Commentary Years ago, I sat in on a midnight screening of The Rocky Horror Picture Show in Boston's Harvard Square, where a flood of Rocky-loving uni students peppered the entire lamentable hour and a half with a hilarious alternative audio track consisting of snide jokes, catcalls and lewd commentary that made the whole event utterly memorable.
The joy of such events lies not in the movie itself, but in the experience watching it with a thousand actively engaged strangers. And if recent trends in Twitter use are any indication, that experience is finding new life as strangers from around the country, and around the world, join together to share their running commentary via the world's fastest-growing social network service.
This time around, they're using the social network features of www.hashtags.org to not only tweet from their mobiles or laptops while watching TV, but to join ongoing conversations that are aggregated through Hashtag's tweet scraping capabilities.
Viewers of the hit show MasterChef, for example, shared their thoughts by including the tag #masterchef somewhere in their tweet; these hashtags were added to the running list at www.hashtags.org/tag/masterchef. Graphs showed up to 240 tweets per day were added to the conversation, which included comments such as "Would Matt please finish eating his food before speaking, fat bastard", "Is Sam's voice breaking?" and "LMAO catering for Navy...easy...serve up any old shite...mess food horrific."
The net result of all this tweeting is something not too far off the Rocky Horror experience: a complementary flow of social interaction that adds interesting depth and interactivity to your bog-standard TV show. And, odds are, if you can watch it, it's being tweeted about: Top Gear, Merlin, The Chaser, and Lost are among the many shows posting good numbers of tweets. It's like watching your favourite show with hundreds of total strangers and close friends, without leaving the comfort of your lounge room.
Tweeting through the tube
TV broadcasters have been talking about this kind of interactivity for years, but so far the best we've gotten is pedestrian examples as the "big red button" that triggers interactive TV features. Interactive TV has emerged in fits and starts, but still lacks the penetration and broad interest to have gained more than a niche following.
A friend recently showed me how the LG BD370 Blu-ray player allows you to search and play YouTube videos in your lounge room with your remote control. Its reasonably slick integration highlights the convergence of online resources with living-room entertainment in a much more relevant and effective way than those early attempts to bring full computer capabilities to the small screen.
Media centre PCs have their appeal, but for many users they are too much "PC" and too little "media centre", with chronic high prices and complexity turning off buyers. LG's successful YouTube integration, however, shows that online resources do indeed have a place if they're packaged and presented correctly.
Twitter is very much a niche technology, but its rapid growth suggests that is quickly changing. And if a growing number of people are finding value in using Twitter to share their thoughts while they watch TV, can it be long before the broadcasters and new-media wonks follow?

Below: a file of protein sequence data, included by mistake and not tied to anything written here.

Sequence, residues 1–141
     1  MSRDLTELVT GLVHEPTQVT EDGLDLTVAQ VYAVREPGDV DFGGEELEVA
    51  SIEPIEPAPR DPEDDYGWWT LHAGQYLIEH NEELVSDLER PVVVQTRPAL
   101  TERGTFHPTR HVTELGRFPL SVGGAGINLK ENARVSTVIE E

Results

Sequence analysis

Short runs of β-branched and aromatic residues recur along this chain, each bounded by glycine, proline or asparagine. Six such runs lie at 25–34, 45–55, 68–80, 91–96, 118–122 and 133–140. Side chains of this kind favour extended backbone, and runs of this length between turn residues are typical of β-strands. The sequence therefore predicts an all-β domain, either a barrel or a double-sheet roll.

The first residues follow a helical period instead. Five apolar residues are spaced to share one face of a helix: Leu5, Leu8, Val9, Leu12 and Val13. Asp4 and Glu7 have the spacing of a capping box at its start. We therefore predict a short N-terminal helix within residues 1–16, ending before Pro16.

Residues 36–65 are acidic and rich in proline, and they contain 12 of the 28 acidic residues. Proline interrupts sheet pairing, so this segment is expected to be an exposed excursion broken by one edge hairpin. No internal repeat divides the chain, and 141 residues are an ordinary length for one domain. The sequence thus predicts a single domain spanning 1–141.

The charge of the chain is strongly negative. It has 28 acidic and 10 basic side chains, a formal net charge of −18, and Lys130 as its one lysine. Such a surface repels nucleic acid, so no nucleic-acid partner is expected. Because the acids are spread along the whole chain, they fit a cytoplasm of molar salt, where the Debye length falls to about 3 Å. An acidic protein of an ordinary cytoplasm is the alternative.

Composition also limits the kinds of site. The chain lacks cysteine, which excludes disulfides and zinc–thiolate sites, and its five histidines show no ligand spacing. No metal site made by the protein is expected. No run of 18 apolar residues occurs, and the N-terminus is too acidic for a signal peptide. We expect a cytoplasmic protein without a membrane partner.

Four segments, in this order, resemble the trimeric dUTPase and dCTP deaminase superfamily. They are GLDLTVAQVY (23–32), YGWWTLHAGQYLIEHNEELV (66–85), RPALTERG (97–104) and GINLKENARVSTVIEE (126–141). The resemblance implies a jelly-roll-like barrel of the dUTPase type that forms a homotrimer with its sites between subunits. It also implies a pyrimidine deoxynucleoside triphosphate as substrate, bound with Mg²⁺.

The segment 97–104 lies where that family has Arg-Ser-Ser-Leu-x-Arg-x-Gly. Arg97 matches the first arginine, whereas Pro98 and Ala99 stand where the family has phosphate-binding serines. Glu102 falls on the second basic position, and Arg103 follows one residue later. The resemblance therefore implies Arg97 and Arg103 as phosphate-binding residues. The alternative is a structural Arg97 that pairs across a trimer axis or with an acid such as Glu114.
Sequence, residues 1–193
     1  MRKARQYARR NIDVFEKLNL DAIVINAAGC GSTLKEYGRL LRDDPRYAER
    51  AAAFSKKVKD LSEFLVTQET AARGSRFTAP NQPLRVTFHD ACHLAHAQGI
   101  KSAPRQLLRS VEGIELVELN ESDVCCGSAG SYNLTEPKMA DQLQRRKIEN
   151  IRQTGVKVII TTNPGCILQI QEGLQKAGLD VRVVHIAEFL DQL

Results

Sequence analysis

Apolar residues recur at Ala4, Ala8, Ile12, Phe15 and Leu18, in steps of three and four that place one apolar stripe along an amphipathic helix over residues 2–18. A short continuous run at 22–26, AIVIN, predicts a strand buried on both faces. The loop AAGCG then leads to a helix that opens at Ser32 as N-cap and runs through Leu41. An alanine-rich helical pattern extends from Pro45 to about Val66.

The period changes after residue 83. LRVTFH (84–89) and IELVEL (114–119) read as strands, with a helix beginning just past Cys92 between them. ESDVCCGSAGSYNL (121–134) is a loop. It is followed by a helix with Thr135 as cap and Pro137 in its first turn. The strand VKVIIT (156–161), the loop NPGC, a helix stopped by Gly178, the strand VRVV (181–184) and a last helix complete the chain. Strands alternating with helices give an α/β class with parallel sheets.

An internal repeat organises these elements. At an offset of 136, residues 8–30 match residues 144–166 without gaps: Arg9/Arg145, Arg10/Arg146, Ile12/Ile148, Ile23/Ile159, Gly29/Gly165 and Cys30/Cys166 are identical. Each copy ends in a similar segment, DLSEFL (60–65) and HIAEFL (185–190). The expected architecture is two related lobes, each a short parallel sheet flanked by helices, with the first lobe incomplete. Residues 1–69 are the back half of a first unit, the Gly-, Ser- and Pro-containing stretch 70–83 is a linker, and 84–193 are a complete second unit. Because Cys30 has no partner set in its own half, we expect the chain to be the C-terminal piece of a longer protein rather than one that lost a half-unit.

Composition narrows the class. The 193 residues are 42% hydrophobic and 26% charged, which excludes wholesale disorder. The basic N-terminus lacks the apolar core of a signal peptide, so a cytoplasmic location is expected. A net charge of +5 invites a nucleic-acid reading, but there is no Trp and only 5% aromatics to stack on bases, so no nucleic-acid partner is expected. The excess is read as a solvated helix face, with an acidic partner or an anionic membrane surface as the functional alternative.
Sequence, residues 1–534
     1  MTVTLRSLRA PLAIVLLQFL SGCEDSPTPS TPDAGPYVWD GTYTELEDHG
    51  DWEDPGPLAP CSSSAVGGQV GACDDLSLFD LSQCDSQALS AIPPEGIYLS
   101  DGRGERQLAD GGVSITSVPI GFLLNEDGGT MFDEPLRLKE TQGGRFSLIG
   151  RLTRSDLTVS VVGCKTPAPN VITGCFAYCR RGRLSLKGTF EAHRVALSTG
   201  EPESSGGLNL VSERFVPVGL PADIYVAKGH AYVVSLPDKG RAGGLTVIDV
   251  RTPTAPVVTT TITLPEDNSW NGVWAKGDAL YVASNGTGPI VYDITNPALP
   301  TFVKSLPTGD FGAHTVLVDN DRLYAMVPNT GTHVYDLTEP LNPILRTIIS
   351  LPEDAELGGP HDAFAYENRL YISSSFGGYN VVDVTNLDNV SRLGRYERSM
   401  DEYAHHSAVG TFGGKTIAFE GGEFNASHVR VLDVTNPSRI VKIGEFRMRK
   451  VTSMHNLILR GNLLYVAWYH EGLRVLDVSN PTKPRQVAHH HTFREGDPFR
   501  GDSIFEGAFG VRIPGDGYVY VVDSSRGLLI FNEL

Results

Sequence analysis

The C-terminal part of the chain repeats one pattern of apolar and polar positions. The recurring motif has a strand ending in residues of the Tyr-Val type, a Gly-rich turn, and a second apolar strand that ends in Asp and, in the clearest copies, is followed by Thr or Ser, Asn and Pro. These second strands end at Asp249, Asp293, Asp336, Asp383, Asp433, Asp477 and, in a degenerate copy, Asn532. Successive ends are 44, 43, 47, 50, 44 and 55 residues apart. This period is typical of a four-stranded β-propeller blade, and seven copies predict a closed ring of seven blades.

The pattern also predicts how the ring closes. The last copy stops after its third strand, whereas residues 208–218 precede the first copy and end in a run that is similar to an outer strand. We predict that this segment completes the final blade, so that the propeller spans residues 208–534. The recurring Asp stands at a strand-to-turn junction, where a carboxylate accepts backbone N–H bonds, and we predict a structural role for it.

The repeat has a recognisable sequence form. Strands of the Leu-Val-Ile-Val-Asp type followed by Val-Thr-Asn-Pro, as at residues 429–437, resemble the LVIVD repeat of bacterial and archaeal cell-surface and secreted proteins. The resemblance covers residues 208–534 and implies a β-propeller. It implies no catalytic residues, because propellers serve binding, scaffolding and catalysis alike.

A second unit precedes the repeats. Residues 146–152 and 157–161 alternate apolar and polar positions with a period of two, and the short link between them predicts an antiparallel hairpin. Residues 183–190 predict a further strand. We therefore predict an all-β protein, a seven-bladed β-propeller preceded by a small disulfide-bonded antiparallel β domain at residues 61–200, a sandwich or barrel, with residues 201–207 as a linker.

Why not add Twitter to flat-screen TVs that have become hugely internet-aware over the past year or so? The panel could overlay a scrolling ticker of recent Twitter feeds as they come in, allowing viewers to enter their own thoughts on the current show as they're watching; tweets are, after all, compact and text-based, so a perfectly suitable interface could easily be crammed across one or two horizontal lines at the top or bottom of the screen.
I saw this happening in a recent technical demo at Ericsson's Melbourne headquarters. The demo was to showcase the capabilities of a fibre-optic network, but one of those capabilities included a Twitter application sitting on top of Ericssons's own IPTV software. It's not commercially available, but it — and interfaces like it — could be very, very soon.
With the explicit support of broadcasters, hashtag addresses could be easily added to the digital TV stream for any show, ensuring that viewers were tweeting to the correct hashtag group. Providing these features could be a boon for broadcasters, since they would keep people tweeting during commercials rather than channel-surfing. Viewers wouldn't mind the ads so much as they'd have something else to do while the TV is showing something they're less interested in.
If Twitter continues to grow in popularity, I'd be surprised if it doesn't become the next big TV-integrated feature. Some viewers would eat it up; others would ignore it. But advertisers would love it because viewers would be tweeting during commercials rather than changing channels or going to the loo. Viewers could post feedback and questions for guests and hosts during live shows, providing an instant feedback loop that's currently unavailable.
Say what you want about Twitter, but those who use it extensively have long ago moved past what-are-you-eating conversations to use it as a real-time, globally relevant source of information. It's as immediate as your mobile phone, and a lot cleaner than inviting dozens of strangers into your lounge room. Packaged right by the industry, it could easily become the biggest thing in interactive TV since the big red button.
What do you think? Are you tweeting while you watch TV? Would you buy a particular TV because it was Twitter-enabled? Share your thoughts in the Talkback below!